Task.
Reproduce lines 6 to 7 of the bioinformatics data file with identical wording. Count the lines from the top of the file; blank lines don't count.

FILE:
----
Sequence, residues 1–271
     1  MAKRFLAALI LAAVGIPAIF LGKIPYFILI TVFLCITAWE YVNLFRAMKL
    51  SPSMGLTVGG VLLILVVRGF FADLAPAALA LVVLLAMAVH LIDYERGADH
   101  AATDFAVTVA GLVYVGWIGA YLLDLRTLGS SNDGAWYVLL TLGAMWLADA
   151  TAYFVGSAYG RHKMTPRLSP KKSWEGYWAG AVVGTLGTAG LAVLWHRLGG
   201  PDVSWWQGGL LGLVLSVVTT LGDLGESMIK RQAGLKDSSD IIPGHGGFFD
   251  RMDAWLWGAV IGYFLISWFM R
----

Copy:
   201  PDVSWWQGGL LGLVLSVVTT LGDLGESMIK RQAGLKDSSD IIPGHGGFFD
   251  RMDAWLWGAV IGYFLISWFM R